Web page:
You want to be the guy that with the blonde bombshell around one arm and lifting an 80 pound free weight with the other, right? Wouldn’t you like to be able to finally bench press your bodyweight, have a healthy heart and continuous energy, and boost your sex drive? Let’s be honest, every guy wishes he could feel like a bodybuilder without having to spend eight hours in the gym. And we have a secret – those guys don’t work out that much either! They’ve just learn how to boost their testosterone back to optimal levels. And so can you.
The problem is not that men lack the ability to be fit and healthy, it’s just that in the past 30 years, testosterone levels among men in America has dropped 30% on average, from environmental estrogens and maladapted lifestyle alterations. In our hustle and bustle world, men don’t have time to do the things that once kept our T-levels normal. We have to settle for unhealthy foods, never have time to exercise, and are constantly exposed to chemicals that mess with our hormone levels. Many guys ask, “Is there any way I can boost my testosterone without having to completely change my life around?”
The simple answer isn’t a “yes” or “no.” You will have to make some adjustments to adapt to a healthier way of living, but that doesn’t mean you have to start an unreasonable workout regimen or become one of those “crazy dieters.” We know those never last because they’re just too darn difficult. Instead we have a three month plan that you can actually follow, because it feels good and you’ll see results. All you have to do is follow these four guidelines, and within three months you’ll be able to test your T-level count and see the dramatic difference.
Guideline #1 – Get Fat
Ok, we don’t mean to actually become fat. You just need to eat more foods with healthy fats in them. It’s called the ketogenic diet, and many studies have shown it boosts testosterone levels naturally when coupled with proper exercise. To follow the Keto plan, 70% of your diet should consist of fatty foods. That includes meats, dairy, nuts, oils, and other protein and fat rich foods. When you fuel your body with fat rather than carbs, it decreases insulin spikes and levels out your hormones. Plus it gives you an excuse to eats lots of steak and cook with butter at every meal.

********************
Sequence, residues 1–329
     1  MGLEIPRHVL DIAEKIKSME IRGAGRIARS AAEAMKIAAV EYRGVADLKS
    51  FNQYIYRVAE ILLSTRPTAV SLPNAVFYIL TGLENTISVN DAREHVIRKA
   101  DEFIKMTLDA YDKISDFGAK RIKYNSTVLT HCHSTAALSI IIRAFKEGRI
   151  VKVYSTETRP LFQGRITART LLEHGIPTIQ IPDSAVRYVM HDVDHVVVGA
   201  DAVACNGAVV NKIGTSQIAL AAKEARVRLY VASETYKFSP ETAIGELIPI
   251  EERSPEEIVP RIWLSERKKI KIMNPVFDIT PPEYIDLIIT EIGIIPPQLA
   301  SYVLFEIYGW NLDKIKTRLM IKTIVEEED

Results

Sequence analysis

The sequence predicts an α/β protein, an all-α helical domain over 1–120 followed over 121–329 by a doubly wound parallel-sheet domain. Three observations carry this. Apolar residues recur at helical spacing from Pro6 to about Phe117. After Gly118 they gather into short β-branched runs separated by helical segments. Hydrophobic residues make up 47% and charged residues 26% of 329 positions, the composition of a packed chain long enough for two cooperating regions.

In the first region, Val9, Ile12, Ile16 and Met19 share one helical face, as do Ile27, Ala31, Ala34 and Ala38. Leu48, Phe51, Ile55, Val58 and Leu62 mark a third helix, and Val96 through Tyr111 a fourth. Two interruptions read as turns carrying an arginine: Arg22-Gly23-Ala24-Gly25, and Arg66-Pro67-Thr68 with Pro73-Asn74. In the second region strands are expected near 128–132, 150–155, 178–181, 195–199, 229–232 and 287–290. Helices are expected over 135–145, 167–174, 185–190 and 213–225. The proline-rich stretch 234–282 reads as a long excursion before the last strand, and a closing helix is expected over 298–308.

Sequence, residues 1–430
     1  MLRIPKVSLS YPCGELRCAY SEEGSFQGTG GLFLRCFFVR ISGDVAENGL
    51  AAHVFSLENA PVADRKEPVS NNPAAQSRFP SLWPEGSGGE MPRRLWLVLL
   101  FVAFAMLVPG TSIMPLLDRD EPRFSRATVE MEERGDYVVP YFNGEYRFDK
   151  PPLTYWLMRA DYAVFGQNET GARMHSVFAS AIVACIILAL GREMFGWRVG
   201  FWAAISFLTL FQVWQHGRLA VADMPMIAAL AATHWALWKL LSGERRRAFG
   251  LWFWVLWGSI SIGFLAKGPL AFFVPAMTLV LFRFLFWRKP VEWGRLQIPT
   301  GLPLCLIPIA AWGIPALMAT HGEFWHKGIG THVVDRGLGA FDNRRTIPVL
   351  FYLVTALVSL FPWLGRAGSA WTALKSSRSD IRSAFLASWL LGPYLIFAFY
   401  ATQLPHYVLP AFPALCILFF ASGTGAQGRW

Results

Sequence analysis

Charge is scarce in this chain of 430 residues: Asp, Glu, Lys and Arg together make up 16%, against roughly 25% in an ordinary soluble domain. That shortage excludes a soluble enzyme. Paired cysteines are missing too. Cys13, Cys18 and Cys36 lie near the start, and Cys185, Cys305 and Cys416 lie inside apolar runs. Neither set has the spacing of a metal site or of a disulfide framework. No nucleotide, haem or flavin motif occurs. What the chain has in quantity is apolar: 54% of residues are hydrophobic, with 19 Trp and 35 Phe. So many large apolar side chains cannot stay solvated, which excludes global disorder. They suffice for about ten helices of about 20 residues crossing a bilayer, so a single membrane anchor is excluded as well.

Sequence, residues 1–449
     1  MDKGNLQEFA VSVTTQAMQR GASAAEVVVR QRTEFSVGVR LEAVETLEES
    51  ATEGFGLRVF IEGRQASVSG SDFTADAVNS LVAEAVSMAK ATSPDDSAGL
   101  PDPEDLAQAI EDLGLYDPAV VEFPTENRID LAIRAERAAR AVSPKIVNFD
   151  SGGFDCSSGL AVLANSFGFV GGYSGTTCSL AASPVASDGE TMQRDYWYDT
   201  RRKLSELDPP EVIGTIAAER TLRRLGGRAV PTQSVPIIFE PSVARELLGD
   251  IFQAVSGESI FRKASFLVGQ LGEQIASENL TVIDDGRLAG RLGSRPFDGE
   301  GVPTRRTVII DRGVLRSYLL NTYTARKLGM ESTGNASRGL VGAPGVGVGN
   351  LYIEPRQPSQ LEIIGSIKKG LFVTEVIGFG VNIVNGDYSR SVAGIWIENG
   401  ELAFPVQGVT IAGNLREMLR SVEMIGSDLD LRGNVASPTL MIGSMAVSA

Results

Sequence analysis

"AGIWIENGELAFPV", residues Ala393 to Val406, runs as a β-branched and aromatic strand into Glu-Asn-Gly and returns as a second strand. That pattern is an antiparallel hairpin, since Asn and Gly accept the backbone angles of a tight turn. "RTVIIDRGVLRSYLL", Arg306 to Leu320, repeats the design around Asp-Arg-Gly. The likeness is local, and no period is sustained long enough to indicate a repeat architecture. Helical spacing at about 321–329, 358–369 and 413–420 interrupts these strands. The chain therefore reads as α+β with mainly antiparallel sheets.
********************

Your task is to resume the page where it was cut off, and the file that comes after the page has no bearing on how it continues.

Keto only works if you also limit your carb intake. Your body naturally wants carbs because they’re easier to burn. So if you’re giving it lots of fat and carbs, it will burn the starches and store the fat. Lipids are primarily used for hormone secretion anyway, but if you double your fat intake then your body will naturally increase hormone production and feed of fat for your energy consumption. This will help you lose weight, and it will also give you more energy to work out. A high-carb diet is only recommended for runners and people who do high-intensity cardio workouts. But for T-levels boost, you should focus on strength training.
Guideline #2 – The Workout Routine
We all know exercise is important for hormone regulation and overall cognitive performance. If you sit all day at work and then go home and sit to watch T.V., your muscles aren’t being used properly and will start to become weaker. One of testosterone’s primary functions is to build muscle tone, so if you’re not utilizing your strength, the hormones will start to decrease. Building muscle is a core element to naturally boosting testosterone to optimal levels.
You can do one of two 20 minute strength training routines to help you build muscle.
Guideline #3 – Set Your Bedtime